Some notable exclusions from their manifesto this time out compated to their last one. No mention (as far as I can see) of: equality/human rights, the role of women, conflict transformation, and supporting community development.

    Maybe due to change in leadership and the fact that candidates are all male?

  • separatesix

    It’s natural that the PUP support the monarchy I don’t really believe it’s possible to be British and not support the Royal Family.

  • separatesix

    I think Brian Ervine is opposed to abortion and homosexuality so mentioning human rights in the manifesto is pointless. As leader he has every right to be against abortion, Dawn Purvis had her views and Brian Ervine has his.

  • Nunoftheabove

    separatesix

    Your definition of Britishness is really that narrow and servile ? You can’t conceive of any sense of it outside of support for an over-moneyed mediocre bunch of indulged toffs ? I’m guessing that you’ve not met many British people, that being the case.

  • Jo

    “their relationship with the UVF and support for a monarchy works in with the rest of their, reasonable, socialist policies.”

    I do recall an early PUP election flyer which had a totally credible socialist agenda on one side, wich had me nodding at every bullet-point. Then I turned the flyer over to read the most outrageously gung-ho Loyalist God Queen and Country rhetoric. This was back in Davey’s time and I guess he saw it as the mirror of the SF ballot box and armalite strategy. Riding 2 horses is never easy, but the new (ish) dispensation means that hopefully, the wilder horses have been sent out to grass now.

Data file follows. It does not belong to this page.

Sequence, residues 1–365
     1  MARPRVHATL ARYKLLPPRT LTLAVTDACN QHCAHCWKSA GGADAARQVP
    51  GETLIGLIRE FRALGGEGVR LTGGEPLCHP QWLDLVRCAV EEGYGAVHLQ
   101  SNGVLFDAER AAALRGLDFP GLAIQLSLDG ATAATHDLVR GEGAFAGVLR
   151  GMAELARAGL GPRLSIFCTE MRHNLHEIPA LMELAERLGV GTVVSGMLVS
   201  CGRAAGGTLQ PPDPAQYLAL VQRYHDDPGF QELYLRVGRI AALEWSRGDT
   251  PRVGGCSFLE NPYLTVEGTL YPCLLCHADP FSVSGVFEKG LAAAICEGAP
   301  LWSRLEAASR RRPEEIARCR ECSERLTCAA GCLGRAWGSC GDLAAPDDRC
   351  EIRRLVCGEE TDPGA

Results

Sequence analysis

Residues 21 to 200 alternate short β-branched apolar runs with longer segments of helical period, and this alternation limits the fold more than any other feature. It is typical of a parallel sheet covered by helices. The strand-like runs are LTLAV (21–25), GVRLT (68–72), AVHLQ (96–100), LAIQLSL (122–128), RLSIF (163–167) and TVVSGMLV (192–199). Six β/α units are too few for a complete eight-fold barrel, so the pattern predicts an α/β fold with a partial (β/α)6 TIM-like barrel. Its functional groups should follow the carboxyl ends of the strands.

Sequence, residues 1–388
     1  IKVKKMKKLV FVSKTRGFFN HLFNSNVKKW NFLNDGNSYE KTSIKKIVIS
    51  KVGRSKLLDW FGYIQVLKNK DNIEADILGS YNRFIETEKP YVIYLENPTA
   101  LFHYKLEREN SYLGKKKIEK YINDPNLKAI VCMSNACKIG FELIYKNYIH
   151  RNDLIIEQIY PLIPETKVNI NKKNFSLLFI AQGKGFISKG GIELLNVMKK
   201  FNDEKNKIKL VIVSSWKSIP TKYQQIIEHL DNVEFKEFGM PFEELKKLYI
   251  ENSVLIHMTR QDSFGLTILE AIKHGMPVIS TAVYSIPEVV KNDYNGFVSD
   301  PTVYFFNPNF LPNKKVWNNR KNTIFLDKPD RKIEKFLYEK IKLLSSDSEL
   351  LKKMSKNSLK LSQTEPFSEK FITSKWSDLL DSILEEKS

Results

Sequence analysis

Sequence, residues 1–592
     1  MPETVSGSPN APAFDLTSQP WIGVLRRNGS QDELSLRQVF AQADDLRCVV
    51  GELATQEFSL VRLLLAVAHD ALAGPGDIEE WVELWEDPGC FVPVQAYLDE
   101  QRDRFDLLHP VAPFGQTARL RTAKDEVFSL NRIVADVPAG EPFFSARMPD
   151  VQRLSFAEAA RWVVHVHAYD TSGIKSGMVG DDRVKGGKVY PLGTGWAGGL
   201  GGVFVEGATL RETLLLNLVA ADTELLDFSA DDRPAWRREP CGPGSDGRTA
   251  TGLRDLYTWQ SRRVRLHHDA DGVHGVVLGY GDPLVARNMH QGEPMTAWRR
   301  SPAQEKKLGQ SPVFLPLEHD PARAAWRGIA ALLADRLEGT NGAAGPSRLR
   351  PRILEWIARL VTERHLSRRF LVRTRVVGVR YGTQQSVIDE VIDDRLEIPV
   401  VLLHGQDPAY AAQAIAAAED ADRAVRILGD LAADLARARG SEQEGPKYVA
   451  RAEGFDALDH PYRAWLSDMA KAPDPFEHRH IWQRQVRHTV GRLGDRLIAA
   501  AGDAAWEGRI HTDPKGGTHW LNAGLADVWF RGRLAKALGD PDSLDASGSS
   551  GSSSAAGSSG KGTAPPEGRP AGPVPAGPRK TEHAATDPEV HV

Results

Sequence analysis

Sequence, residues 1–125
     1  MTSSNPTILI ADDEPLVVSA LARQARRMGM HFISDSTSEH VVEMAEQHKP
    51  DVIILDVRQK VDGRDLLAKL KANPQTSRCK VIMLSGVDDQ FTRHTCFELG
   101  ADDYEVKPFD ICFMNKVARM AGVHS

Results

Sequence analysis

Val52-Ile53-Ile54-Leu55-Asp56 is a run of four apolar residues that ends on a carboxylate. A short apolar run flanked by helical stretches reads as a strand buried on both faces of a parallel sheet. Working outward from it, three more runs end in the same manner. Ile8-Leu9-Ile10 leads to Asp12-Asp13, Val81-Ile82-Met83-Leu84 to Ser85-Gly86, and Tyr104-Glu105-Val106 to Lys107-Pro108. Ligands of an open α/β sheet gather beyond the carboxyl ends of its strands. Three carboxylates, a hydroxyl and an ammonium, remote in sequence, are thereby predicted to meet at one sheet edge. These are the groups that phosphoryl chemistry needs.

• separatesix

    I take your point Nunoftheabove.

  • JAH

    Are there any street parties in East Belfast…

  • Darkwing

    Scrabo,

    The exclusion of female candidates is probably more to do with the fact the number of women in the PUP rapidly declined during Dawn Purvis’ leadership. Some of those past female members (and many more new ones) have since came back into the fold but it would be a bit strange to expect them to fight an election mere months after rejoining the Progressive Unionist Party.

    Female candidates should be chosen because they are ready, willing and capable – not because they are female.

    As for the lack of conflict transformation content – I have the manifesto in front of me and it mentions numerous Troubles related topics including ex-prisoners and historical enquiries.

    Did you not read it???

  • JAH – street parties were being promoted by local councils. Castlereagh and Belfast City Council should be able to tell you where and when the parties they’re supporting (financially) are happening.

  • separatesix

    Stick to the topic please Alan!

  • scrabopower

    Darkwing yes I did read it, and the 2007 one!

    re: conflict transformation – its all very well mentioning those elements separately but the 07 section on this was far more comprehensive and strategic.